A: So I think that it is harder to talk about the content music than about other fields. A couple of things though. First, and this is more of an aside, but I find Peikoff’s comment about “excluding the distinctively twentieth century” from “the framework of human music” odd. Maybe he means a specific subset of music that originated in the twentieth century, but I don’t think his description is specific/clear enough. Secondly, I think that you can often say quite a lot about the ideas involved in liking particular music because lots of popular music has actual lyrics that tell a story, so that’s information that lets you bridge the gap between concepts and the musical notes. If someone likes a love ballad, you can often say something meaningful about why, what their values are, and that kind of thing. Third, I think that if you know something about why someone likes music, based on say, what they tell you about their appreciation for it, then you can connect that reason to a moral judgment. And of course I think the moral judgment depends on their specific reasons for liking the music, just as the moral judgment of someone’s preference for horror movies depends on what specifically they like about horror movies. But if someone tells you something about their reasoning for liking music, I think you can connect that to a moral judgment, and that would be a moral judgment in regards to music that would be appropriate, which contradicts “…moral judgments of any kind are simply inappropriate in regard to music.”
B: With regards to connecting music to moral judgments and Peikoff’s criticism of doing that, I assume that Peikoff has something in mind like making a moral judgment based on someone’s preference for purely musical aspects like melody or whatever, and that he’s pushing back on that.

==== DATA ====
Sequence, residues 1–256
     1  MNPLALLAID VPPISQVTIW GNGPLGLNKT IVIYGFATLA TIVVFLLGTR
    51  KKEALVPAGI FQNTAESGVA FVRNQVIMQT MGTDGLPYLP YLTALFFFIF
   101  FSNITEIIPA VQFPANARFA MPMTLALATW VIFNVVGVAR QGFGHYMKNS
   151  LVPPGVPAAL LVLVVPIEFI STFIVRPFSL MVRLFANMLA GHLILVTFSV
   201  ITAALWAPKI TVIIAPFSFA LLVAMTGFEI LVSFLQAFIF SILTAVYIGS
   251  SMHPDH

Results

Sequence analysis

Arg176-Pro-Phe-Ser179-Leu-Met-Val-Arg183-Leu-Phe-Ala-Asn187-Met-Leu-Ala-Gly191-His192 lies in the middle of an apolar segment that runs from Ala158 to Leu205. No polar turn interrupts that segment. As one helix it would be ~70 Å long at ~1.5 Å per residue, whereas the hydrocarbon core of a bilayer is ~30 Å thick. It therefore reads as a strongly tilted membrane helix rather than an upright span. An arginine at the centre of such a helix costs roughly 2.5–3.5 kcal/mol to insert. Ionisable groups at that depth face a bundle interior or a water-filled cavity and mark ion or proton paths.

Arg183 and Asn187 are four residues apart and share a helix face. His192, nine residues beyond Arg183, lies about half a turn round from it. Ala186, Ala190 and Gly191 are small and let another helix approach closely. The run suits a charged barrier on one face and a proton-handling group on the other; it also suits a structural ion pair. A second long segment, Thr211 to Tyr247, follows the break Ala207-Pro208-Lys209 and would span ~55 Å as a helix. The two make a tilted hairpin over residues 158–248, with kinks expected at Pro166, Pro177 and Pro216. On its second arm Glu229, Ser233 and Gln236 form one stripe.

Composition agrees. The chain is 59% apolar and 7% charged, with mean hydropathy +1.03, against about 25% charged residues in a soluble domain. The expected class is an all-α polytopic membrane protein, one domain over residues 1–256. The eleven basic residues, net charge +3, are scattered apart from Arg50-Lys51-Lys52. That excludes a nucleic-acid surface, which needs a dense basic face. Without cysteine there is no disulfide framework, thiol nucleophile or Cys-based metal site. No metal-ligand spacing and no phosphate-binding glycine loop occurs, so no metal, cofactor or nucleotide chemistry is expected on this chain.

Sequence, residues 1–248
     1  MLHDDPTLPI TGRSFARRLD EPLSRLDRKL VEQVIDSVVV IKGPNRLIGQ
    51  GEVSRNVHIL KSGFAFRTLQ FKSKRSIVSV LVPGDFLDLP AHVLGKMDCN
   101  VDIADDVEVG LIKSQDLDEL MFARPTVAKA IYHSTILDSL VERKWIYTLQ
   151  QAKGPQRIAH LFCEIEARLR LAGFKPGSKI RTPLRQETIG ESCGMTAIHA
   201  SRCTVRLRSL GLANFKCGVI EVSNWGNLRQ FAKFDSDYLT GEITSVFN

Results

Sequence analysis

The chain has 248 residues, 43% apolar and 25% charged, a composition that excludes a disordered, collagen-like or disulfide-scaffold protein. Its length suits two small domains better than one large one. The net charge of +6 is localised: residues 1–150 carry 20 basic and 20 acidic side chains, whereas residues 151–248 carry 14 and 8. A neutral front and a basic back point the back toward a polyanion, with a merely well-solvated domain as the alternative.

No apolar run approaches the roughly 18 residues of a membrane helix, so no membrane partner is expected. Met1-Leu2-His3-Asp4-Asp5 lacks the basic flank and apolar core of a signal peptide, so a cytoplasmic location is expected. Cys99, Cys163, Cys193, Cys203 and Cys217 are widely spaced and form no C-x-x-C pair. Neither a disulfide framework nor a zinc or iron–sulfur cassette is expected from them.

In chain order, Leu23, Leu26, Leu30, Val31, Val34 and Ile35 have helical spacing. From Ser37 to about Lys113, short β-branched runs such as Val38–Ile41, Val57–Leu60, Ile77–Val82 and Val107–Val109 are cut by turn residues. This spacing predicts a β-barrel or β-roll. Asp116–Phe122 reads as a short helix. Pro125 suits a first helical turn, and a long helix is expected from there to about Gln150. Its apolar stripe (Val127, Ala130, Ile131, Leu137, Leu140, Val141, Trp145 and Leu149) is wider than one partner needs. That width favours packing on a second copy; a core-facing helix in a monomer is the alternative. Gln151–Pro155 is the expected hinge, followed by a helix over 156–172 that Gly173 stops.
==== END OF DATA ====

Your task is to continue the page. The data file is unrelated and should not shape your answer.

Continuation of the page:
A: Right, I get that, but I think his statements are too sweeping in that he thinks you can’t make moral judgments of any kind in regards to music. Also, you know, there are certain typical types of songs, like love ballads or whatever. And they’re not super standardized in the sense some widget might be, but they follow certain conventions enough that a human being is able to recognize the form or pattern. And if one has a preference for certain types of songs in a certain cultural context, I think one can draw some reasonable inferences there. It’s not a matter of airtight deductive logic - you can’t say “Oh you like this type of song and thus you’re 100% an emotionalist-sentimentalist”, because the reasons someone might like a particular type of song are many. But you can make a reasonable guess. And by the way, I don’t think a preference for a particular type of song that had some issues or problems with it from a philosophical point of view would, in a typical case, be a major moral infraction or anything like that. I’m just saying, you know, there’s a connection you can make there, there’s some potential tentative conclusions you can reach about somebody and what they’re like and what their ideas are like, given a certain standard cultural context. It’s similar to the thing Francisco d’Anconia says about sexual attraction: